All these fast-food restaurants sell essentially the same thing: sandwiches and other usual American fast-food items. But also not exactly the same. The burgers at McDonald's are not the same as the ones sold at Wendy's, and Dairy Queen has ice creams that you can't find from the other brands. Why? Because these businesses deliberately make their products a little bit different - that's product differentiation. It's certainly not a monopoly because you have way more than one choice, but when you are craving that specific kind of burger or ice cream, you have to go to that one specific brand. Because of this, the restaurant brand has the power to charge you a little more than in a perfectly competitive market.

We certainly invite you to learn more on this topic here: Monopolistic Competition.

Imperfect Competition Examples: Oligopoly

In an oligopoly, there are only a few firms selling to the market because of high barriers to entry. When there are only two firms in the market, it's a special case of oligopoly called duopoly. In an oligopoly, firms do compete with one another, but the competition is different from the cases of perfect competition and monopolistic competition. Because there are only a small number of firms in the market, what one firm does affects the other firms. In other words, there is an interdependent relationship between the firms in an oligopoly.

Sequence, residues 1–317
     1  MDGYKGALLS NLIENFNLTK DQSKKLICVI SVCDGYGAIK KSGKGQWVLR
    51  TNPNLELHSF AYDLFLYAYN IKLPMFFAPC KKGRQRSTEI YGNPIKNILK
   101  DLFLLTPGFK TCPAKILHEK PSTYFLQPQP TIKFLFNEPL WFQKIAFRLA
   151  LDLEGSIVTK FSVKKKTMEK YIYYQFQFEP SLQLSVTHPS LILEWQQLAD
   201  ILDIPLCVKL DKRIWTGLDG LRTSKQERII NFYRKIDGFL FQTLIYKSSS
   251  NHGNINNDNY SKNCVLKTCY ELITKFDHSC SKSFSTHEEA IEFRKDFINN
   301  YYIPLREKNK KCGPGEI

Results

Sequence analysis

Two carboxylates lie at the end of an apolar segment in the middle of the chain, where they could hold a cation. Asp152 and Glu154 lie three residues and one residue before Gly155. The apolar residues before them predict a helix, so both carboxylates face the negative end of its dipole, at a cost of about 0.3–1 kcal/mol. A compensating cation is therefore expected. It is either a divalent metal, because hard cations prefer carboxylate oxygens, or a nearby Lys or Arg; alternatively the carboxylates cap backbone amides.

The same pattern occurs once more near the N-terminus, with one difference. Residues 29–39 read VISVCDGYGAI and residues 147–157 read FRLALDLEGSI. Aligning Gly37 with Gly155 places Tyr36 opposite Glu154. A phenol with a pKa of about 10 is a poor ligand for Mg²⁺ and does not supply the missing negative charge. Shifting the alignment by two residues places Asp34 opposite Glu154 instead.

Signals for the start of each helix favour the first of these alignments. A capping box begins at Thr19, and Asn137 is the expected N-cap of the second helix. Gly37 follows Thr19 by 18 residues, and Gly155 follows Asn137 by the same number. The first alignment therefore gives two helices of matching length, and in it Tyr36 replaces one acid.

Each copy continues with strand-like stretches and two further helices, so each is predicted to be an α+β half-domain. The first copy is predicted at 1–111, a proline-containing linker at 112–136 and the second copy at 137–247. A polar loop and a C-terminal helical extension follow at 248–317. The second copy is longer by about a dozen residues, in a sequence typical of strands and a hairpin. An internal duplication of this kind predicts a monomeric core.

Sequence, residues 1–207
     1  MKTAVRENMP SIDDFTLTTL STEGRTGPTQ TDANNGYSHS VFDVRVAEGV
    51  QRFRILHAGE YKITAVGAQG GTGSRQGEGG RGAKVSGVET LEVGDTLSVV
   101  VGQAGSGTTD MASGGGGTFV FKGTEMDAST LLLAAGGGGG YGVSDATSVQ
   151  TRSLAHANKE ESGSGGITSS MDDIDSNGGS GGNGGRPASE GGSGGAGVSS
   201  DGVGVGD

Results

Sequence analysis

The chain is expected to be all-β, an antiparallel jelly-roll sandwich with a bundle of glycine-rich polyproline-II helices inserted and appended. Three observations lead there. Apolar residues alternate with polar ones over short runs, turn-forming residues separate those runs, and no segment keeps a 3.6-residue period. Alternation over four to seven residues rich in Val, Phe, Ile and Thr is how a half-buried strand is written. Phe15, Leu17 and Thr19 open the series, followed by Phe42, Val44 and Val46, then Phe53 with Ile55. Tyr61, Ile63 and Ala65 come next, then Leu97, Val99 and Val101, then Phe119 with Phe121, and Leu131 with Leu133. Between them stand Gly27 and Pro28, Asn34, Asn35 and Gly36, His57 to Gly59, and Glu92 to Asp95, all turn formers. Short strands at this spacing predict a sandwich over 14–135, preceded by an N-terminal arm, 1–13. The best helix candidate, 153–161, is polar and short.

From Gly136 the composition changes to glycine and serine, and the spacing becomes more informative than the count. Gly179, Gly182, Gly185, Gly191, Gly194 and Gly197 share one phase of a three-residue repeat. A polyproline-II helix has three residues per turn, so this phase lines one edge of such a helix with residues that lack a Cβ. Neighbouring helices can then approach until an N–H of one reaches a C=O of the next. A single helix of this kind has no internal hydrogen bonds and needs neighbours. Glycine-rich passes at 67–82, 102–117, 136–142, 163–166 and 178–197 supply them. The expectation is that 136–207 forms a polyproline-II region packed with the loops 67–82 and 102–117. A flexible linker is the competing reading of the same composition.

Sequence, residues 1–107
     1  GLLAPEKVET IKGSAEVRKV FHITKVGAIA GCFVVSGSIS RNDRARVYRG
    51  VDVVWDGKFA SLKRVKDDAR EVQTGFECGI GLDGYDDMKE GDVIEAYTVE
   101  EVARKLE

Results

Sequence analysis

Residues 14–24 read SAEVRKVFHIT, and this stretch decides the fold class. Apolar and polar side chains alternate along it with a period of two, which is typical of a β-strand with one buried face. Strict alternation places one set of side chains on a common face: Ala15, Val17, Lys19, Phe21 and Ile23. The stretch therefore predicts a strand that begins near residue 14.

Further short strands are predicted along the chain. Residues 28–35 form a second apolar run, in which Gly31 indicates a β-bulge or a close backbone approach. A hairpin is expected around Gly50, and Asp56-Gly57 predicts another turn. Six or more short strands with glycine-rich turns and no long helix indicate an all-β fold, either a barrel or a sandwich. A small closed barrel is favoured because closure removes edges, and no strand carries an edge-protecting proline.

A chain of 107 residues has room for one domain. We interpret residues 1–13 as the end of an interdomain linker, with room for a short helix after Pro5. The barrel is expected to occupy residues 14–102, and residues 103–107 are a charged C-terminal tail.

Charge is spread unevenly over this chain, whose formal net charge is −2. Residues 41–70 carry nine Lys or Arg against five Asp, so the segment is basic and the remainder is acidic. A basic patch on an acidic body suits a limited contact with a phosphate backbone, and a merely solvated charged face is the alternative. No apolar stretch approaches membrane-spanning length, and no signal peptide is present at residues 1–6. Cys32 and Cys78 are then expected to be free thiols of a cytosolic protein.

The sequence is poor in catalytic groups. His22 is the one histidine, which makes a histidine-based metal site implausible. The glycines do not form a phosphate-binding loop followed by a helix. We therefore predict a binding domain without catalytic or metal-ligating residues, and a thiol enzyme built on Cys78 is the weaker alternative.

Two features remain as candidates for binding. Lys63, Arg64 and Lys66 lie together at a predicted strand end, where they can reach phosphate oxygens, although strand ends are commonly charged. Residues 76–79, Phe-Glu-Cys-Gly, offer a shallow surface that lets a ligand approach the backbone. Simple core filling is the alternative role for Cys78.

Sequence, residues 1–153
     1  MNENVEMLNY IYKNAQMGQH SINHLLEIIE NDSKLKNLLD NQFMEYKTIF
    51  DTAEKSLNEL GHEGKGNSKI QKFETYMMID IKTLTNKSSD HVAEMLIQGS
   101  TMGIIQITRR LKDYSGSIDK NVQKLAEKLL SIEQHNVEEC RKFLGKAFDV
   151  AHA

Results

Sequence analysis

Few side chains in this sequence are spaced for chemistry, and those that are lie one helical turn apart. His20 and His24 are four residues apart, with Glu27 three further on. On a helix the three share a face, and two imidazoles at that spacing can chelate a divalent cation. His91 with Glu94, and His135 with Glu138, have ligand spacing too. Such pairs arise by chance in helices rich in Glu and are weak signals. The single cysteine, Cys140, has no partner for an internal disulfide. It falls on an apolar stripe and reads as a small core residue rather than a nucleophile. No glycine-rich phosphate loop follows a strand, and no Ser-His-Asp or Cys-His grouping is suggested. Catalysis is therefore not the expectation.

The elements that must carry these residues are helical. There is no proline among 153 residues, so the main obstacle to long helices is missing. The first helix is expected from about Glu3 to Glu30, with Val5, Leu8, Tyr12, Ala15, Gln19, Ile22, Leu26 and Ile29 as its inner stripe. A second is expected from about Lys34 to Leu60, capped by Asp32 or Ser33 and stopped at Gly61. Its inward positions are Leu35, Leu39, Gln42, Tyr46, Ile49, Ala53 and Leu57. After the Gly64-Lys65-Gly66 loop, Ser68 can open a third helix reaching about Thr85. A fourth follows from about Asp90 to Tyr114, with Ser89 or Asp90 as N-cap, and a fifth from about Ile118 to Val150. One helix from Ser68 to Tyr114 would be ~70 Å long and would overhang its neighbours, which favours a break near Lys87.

Imagine that there are only two firms selling the same potato chips at the same price on the market. It's a duopoly of chips. Naturally, each firm would want to capture more of the market so that they can earn more profits. One firm can try to take customers from the other firm by lowering the price of its potato chips. Once the first firm does this, the second firm would have to lower its price further to try to take back the customers that it has lost. Then the first firm would have to lower its price again... all this back and forth until the price reaches the marginal cost. They can't lower the price further at this point without losing money.